The year may already be well underway, but there’s no time like the present to revisit your compensation practices to determine which ones make sense to keep and which ones to leave behind.
Based on my five years of experience working with compensation and HR leaders, here are the pay practices I believe comp teams should consider retiring this year.
Archaic salary structures
In a world where comp leaders are driving toward buy-in, transparency and engagement around compensation — old pay structures or processes that weren’t designed for your organization as it exists today — have got to go.
Any type of pay range should serve to set the upper and lower limits of eligible compensation for a particular role. A range typically includes a minimum, midpoint and maximum based on the market data for that job with alignment to the internal value of a role as well.
This year you should focus on the type of salary range structure that aligns with your business. Here are three options:
- Job-based pay ranges keep it simple and allow room for growth and change. This salary structure involves aligning pay ranges with the market data for any given job (within the relevant market location) and creating a pay range for each unique position. This type of pay range structure works well for fast-moving and continuously evolving organizations that plan to keep track of pay ranges throughout the year. Job-based ranges are the zippy sports car of pay range structures, fast-moving and requiring regular maintenance.
- Pay grades (or grade-based ranges) group similarly valued (internally and externally) jobs together within a wider pay range that encompasses multiple roles. In years past, many organizations relied on this type of pay structure to minimize change and simplify management of pay ranges. This decision was often driven by their inability to manage evolving pay ranges through strong technology. This type of pay range structure is most valuable to organizations with a lot of jobs and minimal intent to change and update job ranges each year. You can think of grade-based ranges as the SUV of comp ranges — big enough to fit your whole family and ready to run for a while.
- Pay bands are extremely broad groupings that include multiple pay grades and/or ranges within each pay band. This type of pay range structure, frankly, is old hat. Wide pay bands are not well-suited for specificity or motivating communication to employees about their pay and how they may grow within their pay range. It’s a little bit like an old clunky ’70s sedan — wide, large enough to fit a lot of people, and nearly impossible to take on sharp turn.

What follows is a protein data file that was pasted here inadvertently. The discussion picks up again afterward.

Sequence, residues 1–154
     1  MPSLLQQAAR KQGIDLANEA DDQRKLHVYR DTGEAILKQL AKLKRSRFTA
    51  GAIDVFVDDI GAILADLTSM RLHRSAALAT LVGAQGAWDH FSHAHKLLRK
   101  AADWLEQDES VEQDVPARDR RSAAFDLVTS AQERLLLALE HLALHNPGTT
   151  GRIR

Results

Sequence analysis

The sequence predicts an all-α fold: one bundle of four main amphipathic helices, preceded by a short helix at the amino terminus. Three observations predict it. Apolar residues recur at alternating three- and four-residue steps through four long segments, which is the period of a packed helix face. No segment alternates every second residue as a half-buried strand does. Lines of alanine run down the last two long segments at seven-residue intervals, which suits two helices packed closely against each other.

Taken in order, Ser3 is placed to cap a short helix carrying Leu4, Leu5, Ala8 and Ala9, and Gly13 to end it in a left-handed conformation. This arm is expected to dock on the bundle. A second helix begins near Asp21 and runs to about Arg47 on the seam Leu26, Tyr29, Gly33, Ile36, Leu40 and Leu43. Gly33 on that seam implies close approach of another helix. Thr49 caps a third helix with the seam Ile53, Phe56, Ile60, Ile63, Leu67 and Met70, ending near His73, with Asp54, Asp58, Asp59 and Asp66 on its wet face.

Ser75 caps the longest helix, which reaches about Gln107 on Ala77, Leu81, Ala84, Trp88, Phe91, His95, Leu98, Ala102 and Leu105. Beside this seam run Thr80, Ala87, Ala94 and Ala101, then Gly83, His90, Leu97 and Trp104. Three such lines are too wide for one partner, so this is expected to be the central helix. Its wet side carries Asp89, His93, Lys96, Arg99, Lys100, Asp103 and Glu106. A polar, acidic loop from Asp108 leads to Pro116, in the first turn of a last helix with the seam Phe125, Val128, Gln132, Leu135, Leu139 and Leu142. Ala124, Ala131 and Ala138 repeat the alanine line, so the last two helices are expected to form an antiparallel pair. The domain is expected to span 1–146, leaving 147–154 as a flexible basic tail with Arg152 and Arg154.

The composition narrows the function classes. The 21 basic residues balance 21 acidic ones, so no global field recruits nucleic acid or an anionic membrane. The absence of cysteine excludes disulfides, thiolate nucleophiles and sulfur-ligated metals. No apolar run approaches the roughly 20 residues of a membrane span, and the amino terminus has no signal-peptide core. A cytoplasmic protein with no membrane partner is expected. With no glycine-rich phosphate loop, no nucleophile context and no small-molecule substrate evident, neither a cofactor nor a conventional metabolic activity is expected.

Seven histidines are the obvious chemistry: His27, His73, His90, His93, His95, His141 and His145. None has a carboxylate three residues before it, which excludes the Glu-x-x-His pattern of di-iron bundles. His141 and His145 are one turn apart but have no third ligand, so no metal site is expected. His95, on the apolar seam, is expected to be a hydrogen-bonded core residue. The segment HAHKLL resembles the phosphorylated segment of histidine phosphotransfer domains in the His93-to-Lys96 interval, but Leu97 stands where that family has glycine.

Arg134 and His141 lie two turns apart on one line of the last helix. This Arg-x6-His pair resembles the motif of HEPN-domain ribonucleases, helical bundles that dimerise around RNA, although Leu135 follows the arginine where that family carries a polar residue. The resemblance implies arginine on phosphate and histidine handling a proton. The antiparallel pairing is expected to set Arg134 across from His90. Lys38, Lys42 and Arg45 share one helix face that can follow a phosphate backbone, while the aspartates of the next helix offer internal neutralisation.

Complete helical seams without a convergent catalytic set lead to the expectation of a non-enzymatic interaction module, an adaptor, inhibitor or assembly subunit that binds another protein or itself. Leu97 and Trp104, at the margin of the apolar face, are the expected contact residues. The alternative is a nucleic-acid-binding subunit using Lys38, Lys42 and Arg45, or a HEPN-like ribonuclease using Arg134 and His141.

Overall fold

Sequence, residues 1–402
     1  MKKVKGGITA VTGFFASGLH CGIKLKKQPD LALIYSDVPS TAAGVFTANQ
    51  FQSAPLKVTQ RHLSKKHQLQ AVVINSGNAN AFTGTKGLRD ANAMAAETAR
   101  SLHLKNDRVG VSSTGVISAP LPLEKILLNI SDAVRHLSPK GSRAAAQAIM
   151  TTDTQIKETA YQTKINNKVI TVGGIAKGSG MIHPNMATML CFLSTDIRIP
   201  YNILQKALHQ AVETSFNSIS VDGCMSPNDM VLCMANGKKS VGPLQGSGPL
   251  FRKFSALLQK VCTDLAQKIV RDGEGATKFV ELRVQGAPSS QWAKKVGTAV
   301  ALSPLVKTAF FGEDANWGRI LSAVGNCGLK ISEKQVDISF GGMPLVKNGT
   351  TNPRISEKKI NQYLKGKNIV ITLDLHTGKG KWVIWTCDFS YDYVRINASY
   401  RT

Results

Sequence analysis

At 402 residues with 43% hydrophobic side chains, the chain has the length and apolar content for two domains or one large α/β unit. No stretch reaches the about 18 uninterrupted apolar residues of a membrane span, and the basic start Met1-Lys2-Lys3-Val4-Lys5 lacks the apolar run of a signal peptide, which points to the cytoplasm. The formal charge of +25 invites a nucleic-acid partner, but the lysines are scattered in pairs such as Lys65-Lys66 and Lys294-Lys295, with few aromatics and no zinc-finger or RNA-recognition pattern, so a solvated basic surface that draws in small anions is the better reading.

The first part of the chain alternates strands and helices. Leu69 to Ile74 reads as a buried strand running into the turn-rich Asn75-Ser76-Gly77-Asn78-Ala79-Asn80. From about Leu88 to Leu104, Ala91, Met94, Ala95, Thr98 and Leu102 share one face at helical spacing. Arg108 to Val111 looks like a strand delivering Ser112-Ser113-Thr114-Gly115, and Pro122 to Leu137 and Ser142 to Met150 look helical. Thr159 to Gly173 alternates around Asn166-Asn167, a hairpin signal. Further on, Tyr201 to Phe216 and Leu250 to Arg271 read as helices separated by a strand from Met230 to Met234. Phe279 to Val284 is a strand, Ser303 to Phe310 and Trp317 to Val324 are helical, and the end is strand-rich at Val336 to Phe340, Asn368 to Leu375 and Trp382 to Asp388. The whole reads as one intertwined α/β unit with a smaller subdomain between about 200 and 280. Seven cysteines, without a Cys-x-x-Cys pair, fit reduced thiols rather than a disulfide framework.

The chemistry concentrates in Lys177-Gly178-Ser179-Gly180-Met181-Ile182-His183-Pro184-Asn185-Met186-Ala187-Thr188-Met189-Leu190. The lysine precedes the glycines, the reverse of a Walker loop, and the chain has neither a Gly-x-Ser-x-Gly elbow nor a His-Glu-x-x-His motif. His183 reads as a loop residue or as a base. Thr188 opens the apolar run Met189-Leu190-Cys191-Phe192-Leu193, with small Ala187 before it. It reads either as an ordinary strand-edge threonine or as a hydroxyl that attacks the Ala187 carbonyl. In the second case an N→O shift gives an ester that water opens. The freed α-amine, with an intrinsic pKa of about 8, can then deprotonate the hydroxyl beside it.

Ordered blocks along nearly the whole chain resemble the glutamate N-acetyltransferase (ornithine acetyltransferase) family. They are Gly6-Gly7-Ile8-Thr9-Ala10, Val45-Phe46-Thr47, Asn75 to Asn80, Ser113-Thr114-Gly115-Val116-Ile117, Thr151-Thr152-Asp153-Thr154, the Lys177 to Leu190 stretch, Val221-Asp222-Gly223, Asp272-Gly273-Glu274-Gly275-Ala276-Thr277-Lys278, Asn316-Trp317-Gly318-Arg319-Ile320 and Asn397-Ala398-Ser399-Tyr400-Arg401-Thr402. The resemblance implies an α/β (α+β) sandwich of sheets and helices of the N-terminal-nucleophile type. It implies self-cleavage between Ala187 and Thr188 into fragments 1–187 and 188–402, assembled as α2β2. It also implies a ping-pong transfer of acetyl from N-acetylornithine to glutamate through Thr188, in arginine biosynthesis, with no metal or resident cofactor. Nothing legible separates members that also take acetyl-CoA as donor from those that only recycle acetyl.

Compa ratio is still a very commonly used terms among comp and finance teams to articulate the average ratio of employees to the midpoint of their pay range. But the term tends to fall flat with employees, managers and business stakeholders who don’t live and breath comp data.
Think about using simpler terminology like range progression or range penetration when showing managers and employees where their pay falls within a pay range. These terms immediately display the context of their definition — the progression or penetration of pay within a range.
How does using the compa ratio work with merit pay? Not as well as you might think. See “Your Merit Pay Program Has a Fatal Flaw.”
Performance without pay
If you are still doing standard performance reviews — but aren’t using that information to tie pay to performance, it’s time to rethink the review process.
Formal or informal performance reviews, forms and conversations are only as valuable as the performance they inspire. If your current performance review process is driving performance — keep at it! If you’re not aligning performance expectations to performance results through pay — it’s time to ditch the process or pony up for the pay out!
Pay without performance
It’s time to toss out the “peanut butter” increase — a flat increase percentage across the organization regardless of market, performance or results — and focus on tying performance to pay. Pay without performance describes pay decisions made based on outdated factors like cost of living — or pay decisions made based on an executive’s gut feel.
Make 2019 the year that you tie performance to pay — either by communicating and paying out increases or bonuses based on company performance (profit share, spot bonus, etc.), or by tying individuals base pay increases or variable pay plans to individual or team performance metrics.
This doesn’t have to be complex, start simple with a key business goal and tie pay to the results of that goal.
Proration refers to the practice of allocating a portion of an increase to an employee based on their hire date or time in role. It is typically utilized in hose “peanut butter” increases — to account for prorating a given increase percentage toward employees who have been “in seat” for only a portion of the calendar year. The mindset behind this approach made sense in the past when everyone got the same 2 or 3 percent “blanket” increase every year, and an organization wanted to account for the fact that not all employees had been at their firm for the totality of the year.
Because it’s so much more common now for increases to be based on the market and on performance, time in role matters less and less and someone shouldn’t be “penalized” for joining your firm in the middle of the calendar year. If you are going to give them an increase, give them the increase.